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Year : 2018  |  Volume : 2  |  Issue : 2  |  Page : 125-129

Psychiatric morbidity in intensive care unit patients

Department of Psychiatry, Sri Devaraj Urs Medical College, Kolar, Karnataka, India

Correspondence Address:
Mona Nongmeikapam
Department of Psychiatry, Sri Devaraj Urs Medical College, Tamaka, Kolar - 563 101, Karnataka
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Source of Support: None, Conflict of Interest: None

DOI: 10.4103/aip.aip_26_18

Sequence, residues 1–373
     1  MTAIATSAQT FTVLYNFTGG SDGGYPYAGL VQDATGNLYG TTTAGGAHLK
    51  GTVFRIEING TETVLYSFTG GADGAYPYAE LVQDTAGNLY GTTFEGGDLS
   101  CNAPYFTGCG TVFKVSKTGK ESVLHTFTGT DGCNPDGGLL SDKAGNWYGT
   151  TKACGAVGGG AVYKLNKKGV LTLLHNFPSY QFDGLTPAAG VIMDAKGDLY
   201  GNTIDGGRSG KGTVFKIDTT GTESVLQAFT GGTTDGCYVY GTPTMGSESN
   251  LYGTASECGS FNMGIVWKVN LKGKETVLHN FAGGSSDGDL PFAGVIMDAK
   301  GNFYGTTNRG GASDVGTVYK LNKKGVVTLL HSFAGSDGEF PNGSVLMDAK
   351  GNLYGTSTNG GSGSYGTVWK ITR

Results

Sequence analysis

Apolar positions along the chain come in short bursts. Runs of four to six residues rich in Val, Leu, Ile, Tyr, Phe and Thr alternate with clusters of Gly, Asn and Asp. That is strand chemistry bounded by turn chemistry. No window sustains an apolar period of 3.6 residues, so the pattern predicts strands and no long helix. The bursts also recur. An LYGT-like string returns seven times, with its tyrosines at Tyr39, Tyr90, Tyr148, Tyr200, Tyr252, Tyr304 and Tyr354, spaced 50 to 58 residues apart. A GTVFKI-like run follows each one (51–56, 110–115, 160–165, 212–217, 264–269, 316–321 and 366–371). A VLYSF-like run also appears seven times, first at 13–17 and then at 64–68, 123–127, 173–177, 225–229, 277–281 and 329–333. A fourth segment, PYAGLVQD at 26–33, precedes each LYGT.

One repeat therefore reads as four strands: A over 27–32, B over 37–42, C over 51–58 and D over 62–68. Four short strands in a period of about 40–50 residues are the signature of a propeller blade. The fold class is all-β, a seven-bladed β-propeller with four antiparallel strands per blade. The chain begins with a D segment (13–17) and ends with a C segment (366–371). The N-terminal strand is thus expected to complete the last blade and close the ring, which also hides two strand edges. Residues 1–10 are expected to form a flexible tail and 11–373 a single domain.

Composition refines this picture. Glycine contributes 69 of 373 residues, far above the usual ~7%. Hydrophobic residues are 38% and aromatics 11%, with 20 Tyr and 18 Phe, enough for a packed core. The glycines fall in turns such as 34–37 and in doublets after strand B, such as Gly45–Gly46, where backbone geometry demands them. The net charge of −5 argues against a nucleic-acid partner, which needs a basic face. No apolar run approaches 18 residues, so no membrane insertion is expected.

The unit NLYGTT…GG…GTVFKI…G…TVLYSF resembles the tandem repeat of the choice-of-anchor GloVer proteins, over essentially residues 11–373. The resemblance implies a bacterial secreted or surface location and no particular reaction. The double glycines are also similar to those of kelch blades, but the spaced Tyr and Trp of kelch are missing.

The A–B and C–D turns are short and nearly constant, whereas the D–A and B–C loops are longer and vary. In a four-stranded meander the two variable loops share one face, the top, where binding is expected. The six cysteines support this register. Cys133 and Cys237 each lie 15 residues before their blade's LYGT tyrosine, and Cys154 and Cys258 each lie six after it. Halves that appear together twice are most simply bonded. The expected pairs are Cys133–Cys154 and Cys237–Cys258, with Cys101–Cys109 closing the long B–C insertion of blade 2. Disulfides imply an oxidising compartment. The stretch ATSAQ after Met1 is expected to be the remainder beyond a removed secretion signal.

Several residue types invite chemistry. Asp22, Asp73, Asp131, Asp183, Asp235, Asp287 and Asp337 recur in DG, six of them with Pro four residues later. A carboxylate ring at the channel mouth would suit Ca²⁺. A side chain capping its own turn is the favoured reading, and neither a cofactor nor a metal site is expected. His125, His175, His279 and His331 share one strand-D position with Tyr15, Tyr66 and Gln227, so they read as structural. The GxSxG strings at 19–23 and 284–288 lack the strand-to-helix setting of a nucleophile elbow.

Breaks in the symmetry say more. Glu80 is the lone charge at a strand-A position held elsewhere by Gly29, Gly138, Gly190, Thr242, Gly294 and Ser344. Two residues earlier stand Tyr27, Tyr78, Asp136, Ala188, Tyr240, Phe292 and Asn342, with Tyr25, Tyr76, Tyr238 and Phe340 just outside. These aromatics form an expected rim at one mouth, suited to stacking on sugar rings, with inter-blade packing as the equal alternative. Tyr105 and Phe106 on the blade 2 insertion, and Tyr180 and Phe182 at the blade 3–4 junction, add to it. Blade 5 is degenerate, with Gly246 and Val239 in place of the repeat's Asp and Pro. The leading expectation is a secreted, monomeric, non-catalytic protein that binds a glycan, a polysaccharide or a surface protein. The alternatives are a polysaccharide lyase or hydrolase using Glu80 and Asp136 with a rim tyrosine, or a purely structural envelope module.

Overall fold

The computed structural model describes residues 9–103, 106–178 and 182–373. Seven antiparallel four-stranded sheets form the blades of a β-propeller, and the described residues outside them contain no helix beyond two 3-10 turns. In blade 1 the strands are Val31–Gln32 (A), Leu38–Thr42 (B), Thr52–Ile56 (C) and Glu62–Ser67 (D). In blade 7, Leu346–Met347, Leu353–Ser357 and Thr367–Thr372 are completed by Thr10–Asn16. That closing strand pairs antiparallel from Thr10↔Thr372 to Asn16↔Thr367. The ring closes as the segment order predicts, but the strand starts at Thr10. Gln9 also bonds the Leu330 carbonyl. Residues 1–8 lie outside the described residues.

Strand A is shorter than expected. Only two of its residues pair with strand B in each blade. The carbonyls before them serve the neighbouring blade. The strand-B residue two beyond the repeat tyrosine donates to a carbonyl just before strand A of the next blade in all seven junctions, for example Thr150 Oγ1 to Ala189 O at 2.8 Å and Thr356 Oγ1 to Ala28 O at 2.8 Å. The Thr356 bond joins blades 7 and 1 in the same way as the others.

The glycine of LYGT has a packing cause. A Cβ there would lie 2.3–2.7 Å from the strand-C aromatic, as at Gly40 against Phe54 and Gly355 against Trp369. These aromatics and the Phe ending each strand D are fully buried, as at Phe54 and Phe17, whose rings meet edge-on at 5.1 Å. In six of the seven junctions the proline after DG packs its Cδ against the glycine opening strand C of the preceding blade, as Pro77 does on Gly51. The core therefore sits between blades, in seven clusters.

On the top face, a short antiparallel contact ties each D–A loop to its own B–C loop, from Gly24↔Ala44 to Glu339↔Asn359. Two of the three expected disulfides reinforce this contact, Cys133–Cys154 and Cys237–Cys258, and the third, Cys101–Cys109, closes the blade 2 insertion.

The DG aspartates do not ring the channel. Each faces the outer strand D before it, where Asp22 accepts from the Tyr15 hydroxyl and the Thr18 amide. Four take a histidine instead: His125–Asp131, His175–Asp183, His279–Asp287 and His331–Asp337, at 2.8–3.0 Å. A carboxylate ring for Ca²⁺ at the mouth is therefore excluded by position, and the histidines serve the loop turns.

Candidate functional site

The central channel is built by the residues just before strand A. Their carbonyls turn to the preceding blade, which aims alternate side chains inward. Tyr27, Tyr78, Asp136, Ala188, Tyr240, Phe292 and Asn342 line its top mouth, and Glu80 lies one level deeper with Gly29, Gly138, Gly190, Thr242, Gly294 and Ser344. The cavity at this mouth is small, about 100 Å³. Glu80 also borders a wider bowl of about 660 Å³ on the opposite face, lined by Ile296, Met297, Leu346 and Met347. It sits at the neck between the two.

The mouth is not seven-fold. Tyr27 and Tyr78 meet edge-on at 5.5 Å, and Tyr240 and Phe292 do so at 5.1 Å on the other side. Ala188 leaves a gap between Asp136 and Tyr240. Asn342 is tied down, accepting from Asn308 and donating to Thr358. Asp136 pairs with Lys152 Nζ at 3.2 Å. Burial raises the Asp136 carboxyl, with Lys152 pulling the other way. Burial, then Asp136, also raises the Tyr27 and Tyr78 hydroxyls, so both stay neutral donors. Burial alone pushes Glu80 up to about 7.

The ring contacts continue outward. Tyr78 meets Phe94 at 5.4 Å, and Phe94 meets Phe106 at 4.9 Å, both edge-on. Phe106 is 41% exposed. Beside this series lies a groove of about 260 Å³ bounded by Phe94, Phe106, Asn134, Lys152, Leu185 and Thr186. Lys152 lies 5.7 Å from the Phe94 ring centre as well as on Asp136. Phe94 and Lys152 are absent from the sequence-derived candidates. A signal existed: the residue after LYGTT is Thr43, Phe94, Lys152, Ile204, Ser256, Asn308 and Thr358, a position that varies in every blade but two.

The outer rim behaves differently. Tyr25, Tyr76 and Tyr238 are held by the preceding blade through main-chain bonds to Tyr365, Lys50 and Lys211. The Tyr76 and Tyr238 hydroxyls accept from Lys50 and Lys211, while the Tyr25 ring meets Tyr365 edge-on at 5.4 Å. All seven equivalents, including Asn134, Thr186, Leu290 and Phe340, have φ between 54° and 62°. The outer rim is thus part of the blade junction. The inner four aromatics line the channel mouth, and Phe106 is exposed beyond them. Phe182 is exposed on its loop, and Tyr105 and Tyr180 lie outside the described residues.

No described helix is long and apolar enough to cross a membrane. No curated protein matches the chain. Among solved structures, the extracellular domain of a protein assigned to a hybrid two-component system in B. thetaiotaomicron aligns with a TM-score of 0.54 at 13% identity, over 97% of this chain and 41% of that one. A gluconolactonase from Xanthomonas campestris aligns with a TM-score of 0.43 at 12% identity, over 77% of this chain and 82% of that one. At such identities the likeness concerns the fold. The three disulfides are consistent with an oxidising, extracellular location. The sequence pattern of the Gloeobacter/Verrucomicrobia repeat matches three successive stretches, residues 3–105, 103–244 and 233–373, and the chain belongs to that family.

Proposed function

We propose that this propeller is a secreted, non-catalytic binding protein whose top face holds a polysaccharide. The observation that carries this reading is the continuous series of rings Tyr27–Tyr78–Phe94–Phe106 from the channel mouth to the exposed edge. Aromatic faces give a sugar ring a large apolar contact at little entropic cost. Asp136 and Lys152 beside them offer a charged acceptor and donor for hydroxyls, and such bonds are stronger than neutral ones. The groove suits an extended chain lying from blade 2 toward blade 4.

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Background: Numerous studies have established a higher incidence of psychiatric disorders among general hospital inpatients. Hence we explored if patients in the Intensive Care Units have more psychiatric morbidity due to their longer stay, more critical health conditions, and other stressors. Materials and Methods: A total of 100 patients in the MICU were interviewed using the Symptom Checklist Revised (SCL-90-R) once they got stabilized and just before they were transferred to a step-down ward. Results: Nearly 52% of the participants had no psychiatric morbidity. 36% had mild and 12% had moderate psychiatric morbidity as per the SCL-90-R Scale. There was no participant with severe psychiatric morbidity. Factors such as age, gender, educational level, or duration of stay had no significant influence on the outcome. Among the psychiatric manifestations, interpersonal sensitivity and somatization were found to be the most prevalent symptoms at 60.3% and 59.1%, respectively. Conclusion: Psychiatric morbidity is high among patients in Intensive Care Units, and severity of presentation may also be more than that in general medical patients. Identifying them early and prompt intervention may be necessary to reduce the cost, the duration, and the suffering of the patients.

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